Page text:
Ethical Issues in Twentieth-Century French Fiction: Killing by Colin Davis (auth.)

By Colin Davis (auth.)

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But the Other is curiously also beyond reach; his vulnerability is a threat: Un seul geste, et l'homme serait mort. Le tuer n'etait rien: c'etait le toucher qui etait impossible. . II redevint vivant, vulnerable; et, en meme temps, Tchen [the murderer] se sentit bafoue. (11) Just one gesture and the man would be dead. Killing him was nothing: it was touching him that was impossible. . He became alive once more, vulnerable; and, at the same time, Tchen felt he was being mocked. The Other may be killed, but not touched; it somehow eludes the violence to which it offers no resistance; its very vulnerability is its strength, the source of its power and of the antagonism to which it gives rise.

27 Freud clearly wants his story to be simply, literally true. But his hesitations over the historical basis of the narrative do not detract from the brilliant insight of his essay: the father is not murdered because he is an all-powerful tyrant; on the contrary, his power derives from the fact that he has been murdered, or less literally, Otherness, Altericide 23 he is a tyrant in as far as his murder can be desired. Before his murder, the father was merely a bully; his tyranny becomes real (that is, psychically irresistible) only when and because he has been killed.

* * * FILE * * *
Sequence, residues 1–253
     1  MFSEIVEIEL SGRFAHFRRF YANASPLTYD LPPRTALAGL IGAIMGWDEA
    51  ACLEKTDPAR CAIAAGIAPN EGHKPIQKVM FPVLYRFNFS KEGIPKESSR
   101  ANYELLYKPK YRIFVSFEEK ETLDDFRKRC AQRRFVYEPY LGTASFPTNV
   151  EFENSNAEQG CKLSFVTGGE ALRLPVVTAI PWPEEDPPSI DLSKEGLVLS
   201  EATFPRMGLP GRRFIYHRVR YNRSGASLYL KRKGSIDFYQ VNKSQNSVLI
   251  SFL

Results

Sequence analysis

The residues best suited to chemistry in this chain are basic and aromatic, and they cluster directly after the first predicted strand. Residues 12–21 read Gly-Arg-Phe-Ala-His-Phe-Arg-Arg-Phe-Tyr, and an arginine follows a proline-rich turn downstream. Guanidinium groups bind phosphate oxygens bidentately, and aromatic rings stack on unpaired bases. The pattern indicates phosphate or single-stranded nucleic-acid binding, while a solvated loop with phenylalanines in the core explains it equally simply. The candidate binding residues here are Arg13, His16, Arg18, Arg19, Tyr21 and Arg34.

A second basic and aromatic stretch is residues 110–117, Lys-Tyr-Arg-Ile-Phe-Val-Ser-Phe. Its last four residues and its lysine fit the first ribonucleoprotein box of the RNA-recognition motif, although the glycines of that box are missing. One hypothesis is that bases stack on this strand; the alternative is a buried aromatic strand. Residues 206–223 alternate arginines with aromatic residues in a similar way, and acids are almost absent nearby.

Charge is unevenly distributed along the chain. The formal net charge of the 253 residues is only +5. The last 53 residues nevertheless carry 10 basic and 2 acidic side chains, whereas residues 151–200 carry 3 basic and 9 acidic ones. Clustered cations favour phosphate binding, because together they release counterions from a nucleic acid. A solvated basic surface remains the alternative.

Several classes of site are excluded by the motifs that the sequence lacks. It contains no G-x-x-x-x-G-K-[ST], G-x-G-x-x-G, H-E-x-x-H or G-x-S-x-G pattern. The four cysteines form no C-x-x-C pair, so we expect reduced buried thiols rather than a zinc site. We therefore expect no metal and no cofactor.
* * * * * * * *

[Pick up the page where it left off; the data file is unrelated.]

E. not just in accordance with duty, but more importantly for the sake of duty). 5 Kant does not need to offer examples which would support or probe his ethical theory because no particular situation, nor any number of particular situations, would ever give rise to an ethical maxim which could not be discovered by reason alone. 6 Kant does, however, admit that examples may have their pedagogical uses. At the end of his Critique of Practical Reason he suggests that carefully chosen examples might help children develop their moral sense and powers of judgement.

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